Family Loses .3M in ‘Nigerian’ Inheritance Scam
A QUEENSLAND family has been fleeced of more than .3 million in an elaborate variation of a scam that persuades people to part with large sums of money so they can retrieve an overseas inheritance, police say.
The fraud has become known as the Nigerian 419 scam.
Steven Baker, a member of the Queensland family who lost up to .5 million, has told police he was approached by a friend who believed her father, whom she had never met, had left a $US17 million (.38 million) estate when he passed away.
He said the woman had never met her father, but she knew his name and responded to a newspaper advertisement that had individually targeted her, mentioning both her name and her father’s.
Fraudsters communicated with the woman through a solicitor from a Liberian legal firm offering her the “inheritance”, however the woman could not afford the requested series of payments to cover supposed legal fees, administrative charges and local taxes to forward the funds to Australia.
Mr. Baker was then approached to help.
During the scam, which lost the Baker family between .3 million and .5 million since early 2005, Mr Baker travelled to Europe three times, where he was shown an elaborate ruse of fake government officialdom in Spain, Italy and Holland and was taken to a Spanish bank and shown a case of United States currency that was supposedly the inheritance.
“The professionalism of it is just unbelievable, the paperwork, the officials, going to government departments, you would think if they were straight out scammers they wouldn’t have access to government officials and places and the paperwork with all the stamps,” Mr. Baker told ABC radio.
Mr. Baker came forward to police after viewing a current affairs segment on Nigerian-style scams last month.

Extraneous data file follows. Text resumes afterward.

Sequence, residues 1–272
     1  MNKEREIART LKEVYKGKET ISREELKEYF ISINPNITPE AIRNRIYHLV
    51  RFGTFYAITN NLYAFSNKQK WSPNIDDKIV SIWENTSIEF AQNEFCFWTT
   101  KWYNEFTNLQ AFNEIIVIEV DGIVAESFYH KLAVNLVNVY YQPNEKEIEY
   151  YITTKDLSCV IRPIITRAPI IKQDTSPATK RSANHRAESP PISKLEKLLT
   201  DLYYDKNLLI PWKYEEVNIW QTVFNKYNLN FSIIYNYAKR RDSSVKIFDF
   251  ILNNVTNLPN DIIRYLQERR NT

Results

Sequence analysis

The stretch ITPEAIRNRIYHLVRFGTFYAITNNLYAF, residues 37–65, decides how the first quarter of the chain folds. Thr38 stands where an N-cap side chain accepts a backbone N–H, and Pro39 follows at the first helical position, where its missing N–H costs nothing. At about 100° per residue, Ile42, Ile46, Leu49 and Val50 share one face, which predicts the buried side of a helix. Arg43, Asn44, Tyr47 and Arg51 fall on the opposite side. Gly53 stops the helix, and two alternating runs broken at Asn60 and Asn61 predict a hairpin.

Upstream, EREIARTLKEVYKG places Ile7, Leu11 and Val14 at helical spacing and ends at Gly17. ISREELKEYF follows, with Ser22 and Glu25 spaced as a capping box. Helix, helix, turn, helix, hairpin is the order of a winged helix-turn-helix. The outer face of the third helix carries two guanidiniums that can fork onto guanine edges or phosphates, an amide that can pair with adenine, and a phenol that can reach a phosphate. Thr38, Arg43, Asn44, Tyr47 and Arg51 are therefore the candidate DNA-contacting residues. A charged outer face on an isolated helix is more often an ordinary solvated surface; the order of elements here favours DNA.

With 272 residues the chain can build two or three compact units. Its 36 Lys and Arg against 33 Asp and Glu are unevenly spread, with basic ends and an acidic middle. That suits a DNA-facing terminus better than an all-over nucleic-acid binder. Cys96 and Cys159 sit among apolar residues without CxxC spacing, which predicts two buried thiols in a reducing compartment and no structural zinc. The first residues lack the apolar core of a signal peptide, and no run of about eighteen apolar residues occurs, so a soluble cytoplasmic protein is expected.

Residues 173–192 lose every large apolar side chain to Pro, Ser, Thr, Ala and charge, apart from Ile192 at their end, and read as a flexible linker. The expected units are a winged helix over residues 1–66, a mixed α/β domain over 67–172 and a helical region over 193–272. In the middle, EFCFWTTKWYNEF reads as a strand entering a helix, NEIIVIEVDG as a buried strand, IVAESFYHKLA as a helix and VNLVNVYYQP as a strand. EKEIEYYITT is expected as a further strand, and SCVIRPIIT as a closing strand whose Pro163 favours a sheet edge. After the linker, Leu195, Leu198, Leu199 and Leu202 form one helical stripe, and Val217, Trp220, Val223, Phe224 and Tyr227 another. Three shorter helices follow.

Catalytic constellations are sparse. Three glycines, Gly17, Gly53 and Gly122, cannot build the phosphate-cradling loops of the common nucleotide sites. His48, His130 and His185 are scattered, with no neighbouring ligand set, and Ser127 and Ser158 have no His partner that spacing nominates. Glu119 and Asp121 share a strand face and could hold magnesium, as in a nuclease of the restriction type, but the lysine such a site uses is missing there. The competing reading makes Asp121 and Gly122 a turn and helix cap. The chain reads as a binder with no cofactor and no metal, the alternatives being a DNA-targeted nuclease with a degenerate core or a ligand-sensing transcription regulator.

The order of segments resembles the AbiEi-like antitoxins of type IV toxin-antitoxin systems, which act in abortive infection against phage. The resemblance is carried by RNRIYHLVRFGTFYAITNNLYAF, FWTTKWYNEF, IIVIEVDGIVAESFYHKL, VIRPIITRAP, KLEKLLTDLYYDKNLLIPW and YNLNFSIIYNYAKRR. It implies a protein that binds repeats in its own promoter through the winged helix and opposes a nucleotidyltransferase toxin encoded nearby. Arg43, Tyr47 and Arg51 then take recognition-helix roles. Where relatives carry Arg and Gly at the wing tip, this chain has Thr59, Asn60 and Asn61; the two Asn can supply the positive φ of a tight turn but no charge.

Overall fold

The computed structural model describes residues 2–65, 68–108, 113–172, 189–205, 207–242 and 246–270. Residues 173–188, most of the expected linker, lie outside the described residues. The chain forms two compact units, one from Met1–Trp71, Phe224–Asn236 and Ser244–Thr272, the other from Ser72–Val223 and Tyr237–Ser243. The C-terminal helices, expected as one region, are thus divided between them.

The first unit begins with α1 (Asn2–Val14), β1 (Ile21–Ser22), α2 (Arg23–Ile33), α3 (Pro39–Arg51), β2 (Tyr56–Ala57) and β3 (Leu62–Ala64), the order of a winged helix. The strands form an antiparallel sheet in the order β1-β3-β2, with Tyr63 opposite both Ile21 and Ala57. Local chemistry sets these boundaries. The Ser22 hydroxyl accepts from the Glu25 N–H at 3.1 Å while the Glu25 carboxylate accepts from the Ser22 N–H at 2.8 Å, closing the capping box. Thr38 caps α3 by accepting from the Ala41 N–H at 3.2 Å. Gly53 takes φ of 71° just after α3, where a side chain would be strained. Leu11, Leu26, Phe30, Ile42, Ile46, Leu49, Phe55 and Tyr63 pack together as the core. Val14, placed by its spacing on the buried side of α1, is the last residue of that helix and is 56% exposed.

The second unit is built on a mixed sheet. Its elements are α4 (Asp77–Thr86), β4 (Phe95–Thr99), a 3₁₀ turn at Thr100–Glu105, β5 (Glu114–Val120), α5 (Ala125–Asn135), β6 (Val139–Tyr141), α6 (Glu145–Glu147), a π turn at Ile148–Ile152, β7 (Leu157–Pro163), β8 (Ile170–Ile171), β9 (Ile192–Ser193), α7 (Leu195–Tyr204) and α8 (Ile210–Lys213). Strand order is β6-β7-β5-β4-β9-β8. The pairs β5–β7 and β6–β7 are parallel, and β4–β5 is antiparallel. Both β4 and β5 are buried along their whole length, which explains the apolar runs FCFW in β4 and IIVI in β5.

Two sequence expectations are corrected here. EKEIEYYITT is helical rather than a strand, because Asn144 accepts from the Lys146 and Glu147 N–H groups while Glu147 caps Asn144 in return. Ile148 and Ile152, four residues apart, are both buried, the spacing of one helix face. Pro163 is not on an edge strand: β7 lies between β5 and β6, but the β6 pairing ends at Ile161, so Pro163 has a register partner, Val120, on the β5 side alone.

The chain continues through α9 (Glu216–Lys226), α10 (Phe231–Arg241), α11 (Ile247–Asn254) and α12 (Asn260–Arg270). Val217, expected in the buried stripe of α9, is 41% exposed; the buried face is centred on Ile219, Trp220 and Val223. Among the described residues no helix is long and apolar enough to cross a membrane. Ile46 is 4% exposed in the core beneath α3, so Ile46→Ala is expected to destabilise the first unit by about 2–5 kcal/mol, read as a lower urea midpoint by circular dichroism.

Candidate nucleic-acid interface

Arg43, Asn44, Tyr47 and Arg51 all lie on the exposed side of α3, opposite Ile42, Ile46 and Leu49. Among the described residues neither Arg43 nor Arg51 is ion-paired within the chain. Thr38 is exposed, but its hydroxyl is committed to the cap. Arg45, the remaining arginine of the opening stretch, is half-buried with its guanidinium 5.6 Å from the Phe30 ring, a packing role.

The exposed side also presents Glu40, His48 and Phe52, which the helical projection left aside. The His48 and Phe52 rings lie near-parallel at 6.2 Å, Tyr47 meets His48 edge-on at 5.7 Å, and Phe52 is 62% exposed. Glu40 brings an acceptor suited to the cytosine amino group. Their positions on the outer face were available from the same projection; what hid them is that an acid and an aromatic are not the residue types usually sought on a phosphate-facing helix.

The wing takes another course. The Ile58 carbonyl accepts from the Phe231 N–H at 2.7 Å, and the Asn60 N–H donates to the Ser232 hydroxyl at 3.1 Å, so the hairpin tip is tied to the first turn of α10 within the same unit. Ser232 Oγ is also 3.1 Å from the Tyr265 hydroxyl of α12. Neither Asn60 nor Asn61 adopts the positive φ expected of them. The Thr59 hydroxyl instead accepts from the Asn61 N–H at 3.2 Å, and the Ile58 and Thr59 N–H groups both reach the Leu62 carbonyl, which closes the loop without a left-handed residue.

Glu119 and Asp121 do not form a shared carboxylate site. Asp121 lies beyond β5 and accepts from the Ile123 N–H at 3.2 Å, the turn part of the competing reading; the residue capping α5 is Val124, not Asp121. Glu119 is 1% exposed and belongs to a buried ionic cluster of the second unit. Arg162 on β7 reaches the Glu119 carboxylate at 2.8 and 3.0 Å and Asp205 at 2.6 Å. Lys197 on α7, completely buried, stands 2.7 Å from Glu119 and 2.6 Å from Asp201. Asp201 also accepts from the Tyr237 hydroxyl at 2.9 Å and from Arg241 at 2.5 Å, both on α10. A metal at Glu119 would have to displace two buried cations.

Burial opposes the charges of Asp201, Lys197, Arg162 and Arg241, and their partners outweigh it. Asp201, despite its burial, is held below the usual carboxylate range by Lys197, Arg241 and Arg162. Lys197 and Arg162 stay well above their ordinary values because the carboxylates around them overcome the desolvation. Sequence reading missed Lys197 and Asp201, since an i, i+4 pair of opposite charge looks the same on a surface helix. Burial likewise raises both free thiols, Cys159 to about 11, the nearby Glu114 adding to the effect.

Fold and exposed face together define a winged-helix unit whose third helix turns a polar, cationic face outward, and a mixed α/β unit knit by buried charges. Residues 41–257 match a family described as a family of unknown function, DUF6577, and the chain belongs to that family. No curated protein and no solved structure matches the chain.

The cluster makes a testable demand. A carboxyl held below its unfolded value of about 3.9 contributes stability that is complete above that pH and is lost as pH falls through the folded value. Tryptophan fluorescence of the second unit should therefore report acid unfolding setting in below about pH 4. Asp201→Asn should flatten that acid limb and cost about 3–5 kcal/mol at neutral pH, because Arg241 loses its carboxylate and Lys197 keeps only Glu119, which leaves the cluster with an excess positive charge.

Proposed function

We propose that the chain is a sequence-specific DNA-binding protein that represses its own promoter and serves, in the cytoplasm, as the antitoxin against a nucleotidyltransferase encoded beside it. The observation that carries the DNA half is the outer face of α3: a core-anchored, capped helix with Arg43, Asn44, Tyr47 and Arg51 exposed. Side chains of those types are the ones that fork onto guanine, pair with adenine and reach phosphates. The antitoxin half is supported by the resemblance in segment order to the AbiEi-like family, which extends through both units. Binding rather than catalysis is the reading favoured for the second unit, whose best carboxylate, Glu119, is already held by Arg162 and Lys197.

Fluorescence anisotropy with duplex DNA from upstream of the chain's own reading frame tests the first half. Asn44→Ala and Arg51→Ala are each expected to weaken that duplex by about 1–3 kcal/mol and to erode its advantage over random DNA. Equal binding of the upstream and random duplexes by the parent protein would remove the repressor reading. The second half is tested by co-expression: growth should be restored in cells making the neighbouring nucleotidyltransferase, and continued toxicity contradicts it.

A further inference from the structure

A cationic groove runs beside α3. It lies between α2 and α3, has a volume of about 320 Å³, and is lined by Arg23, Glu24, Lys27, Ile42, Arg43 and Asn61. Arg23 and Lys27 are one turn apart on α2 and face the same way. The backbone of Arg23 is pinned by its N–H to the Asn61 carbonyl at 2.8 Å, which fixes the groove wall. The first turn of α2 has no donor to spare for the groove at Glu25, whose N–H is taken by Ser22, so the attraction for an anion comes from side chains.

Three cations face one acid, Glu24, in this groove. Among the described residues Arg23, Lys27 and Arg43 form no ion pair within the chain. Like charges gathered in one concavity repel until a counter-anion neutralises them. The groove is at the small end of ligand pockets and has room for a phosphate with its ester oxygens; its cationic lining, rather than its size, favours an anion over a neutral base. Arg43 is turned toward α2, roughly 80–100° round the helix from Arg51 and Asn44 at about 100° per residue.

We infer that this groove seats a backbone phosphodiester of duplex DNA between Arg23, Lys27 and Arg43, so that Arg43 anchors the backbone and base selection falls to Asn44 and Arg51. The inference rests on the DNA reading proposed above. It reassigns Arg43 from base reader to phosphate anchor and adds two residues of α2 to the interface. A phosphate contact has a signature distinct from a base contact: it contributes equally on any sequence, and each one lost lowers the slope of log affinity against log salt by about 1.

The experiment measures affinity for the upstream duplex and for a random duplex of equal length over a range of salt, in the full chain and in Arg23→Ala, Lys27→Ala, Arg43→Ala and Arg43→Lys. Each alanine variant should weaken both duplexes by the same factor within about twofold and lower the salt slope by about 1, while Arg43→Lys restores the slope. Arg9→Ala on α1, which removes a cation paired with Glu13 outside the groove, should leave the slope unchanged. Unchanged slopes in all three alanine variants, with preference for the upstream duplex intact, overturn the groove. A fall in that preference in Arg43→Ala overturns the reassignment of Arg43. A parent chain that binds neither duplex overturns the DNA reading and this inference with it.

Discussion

Police said the scam in which the Baker family lost money was an especially elaborate version of the Nigerian-style scam, which can originate from any part of the world.
“We can only theorize how they came to know (the woman) and I would suggest it would be from online chat rooms where she thinks she knows who she’s talking to, and people say a lot of things that they wouldn’t tell others,” Detective Acting Superintendent Brian Hay of the Fraud and Corporate Crime Group said.
“I’d say they built up a profile and specifically targeted that person. (This is a) very elaborate, well-resourced and well-organized scam.”
The Baker family should feel no shame, he said.
“They saw an opportunity, it (seemed) legitimate, they did a lot of research, a lot of the names of the companies and businesses all panned out to be legitimate with their cursory inquires.”
Anyone who is asked to send money overseas for an investment or inheritance retrieval should contact the country’s consulate in Australia first, he said.
One man has been arrested in Amsterdam following Mr. Baker’s complaint.